This syndrome frequently has an acute or subacute presentation, however longer durations of up to 180 days have been documented [1]. As reflected in Table 1, parkinsonism is the most common clinical presentation, followed by chorea, then dystonia. A single case reported by Sheu et al.[13], demonstrated a relapsing remitting course, with episodes of altered sensorium and dyskinesia followed by parkinsonism, however the remaining cases, including those in our series, all had a monophasic disease course. We report acidosis in a smaller proportion of patients than previously described [11] (62% vs 90%).

Neuroimaging findings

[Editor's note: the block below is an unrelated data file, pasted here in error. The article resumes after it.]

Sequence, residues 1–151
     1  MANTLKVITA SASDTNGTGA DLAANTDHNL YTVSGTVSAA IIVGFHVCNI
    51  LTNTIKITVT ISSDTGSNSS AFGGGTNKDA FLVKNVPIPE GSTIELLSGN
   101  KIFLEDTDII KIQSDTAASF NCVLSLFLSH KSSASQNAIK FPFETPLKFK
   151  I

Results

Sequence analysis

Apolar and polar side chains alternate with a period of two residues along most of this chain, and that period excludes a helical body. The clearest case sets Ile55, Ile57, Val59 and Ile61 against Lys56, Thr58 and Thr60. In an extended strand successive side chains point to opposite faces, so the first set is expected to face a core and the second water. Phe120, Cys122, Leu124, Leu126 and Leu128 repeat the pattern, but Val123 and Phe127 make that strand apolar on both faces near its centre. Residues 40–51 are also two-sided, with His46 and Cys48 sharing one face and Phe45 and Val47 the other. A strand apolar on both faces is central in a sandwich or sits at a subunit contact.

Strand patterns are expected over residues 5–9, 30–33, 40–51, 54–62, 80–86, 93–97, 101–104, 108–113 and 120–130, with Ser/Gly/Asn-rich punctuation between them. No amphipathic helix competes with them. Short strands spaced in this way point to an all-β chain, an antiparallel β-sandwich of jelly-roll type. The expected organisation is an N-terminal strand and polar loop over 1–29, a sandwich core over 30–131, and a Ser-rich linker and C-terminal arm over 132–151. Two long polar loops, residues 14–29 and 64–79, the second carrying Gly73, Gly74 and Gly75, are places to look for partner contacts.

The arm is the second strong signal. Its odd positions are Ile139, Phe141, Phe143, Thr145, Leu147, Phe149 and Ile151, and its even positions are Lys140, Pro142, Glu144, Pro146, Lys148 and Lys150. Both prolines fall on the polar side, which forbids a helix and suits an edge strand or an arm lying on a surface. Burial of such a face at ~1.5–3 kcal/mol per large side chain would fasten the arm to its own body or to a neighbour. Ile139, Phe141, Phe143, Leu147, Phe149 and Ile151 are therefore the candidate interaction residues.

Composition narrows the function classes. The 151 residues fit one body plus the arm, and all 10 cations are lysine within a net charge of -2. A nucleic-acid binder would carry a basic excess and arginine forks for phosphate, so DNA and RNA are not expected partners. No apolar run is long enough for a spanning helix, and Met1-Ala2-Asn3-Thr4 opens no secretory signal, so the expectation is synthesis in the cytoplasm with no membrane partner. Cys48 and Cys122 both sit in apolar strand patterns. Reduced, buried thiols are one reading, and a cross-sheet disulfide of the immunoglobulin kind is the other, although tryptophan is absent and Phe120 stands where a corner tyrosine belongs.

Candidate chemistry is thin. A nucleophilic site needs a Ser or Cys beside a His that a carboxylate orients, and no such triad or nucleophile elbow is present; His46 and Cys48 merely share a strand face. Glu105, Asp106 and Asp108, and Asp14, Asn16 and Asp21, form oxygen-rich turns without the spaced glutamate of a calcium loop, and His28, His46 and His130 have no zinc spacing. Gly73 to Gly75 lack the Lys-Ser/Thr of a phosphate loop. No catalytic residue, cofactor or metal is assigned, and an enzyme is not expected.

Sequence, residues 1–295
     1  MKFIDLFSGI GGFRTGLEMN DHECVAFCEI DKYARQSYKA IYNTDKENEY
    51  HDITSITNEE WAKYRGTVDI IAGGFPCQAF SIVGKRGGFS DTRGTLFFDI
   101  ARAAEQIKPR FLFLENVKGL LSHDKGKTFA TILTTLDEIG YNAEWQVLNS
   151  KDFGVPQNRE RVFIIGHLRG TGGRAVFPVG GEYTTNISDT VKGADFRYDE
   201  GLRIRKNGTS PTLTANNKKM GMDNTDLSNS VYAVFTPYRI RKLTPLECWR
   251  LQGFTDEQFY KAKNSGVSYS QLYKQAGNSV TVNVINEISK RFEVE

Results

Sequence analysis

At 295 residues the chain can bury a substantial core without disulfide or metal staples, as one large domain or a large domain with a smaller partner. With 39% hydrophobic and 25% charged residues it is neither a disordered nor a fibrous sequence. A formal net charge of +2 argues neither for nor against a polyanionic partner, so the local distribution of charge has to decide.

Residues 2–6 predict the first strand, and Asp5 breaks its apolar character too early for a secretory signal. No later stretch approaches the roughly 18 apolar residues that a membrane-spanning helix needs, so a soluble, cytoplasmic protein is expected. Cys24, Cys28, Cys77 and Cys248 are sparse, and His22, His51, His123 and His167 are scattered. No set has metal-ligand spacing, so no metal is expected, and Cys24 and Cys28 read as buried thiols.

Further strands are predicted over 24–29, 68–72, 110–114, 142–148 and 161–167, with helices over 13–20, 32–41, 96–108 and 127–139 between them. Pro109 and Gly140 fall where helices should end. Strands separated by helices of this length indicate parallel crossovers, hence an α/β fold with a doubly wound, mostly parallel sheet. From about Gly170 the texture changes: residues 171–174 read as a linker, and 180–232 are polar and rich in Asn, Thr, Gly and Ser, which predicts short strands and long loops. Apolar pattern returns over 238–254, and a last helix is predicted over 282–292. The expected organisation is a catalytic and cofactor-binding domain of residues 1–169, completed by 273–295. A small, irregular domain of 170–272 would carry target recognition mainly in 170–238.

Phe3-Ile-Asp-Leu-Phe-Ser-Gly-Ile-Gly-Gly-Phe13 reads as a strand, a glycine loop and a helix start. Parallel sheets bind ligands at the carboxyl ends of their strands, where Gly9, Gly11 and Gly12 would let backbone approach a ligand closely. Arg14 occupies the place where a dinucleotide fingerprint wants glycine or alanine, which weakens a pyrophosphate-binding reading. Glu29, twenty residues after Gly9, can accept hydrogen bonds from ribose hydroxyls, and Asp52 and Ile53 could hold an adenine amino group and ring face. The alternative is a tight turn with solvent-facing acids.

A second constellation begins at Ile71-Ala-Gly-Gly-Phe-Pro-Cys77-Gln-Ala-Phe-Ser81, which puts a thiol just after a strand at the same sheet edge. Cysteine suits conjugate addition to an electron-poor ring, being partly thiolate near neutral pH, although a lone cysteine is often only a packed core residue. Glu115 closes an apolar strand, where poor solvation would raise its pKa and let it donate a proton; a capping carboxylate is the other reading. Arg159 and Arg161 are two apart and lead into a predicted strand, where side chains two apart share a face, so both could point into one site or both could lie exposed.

A unique characteristic of REMUS is the uniformity of radiological findings amongst various cases, particularly the consistent symmetry of basal ganglia abnormalities. Lesions are hypodense on CT scans and MRI findings show basal ganglia T1 weighted hypointensities with corresponding T2 weighted hyperintensities. The extent of the signal changes ranges from focal involvement of the putamen or pallidum to the entire basal ganglia. The abnormalities are most commonly isolated to the basal ganglia, but have also been reported to extend into the thalamus and adjacent white matter [2, 4, 16]. Gadolinium and iodine contrast is rarely administered in patients with renal impairment, however in the eight patients who did have contrasted scans, basal ganglia enhancement was observed in two (25%) [9, 17]. Vasogenic oedema in the basal ganglia was observed on DWI in 95% (19/20) of cases. However, reduced ADC values suggestive of cytotoxic oedema were only demonstrated in 63% (12/19) of cases, most commonly affecting the central portions of the affected basal ganglia regions. Occasionally the presence of petechial haemorrhages within the basal ganglia lesions have also been reported [13, 17, 20].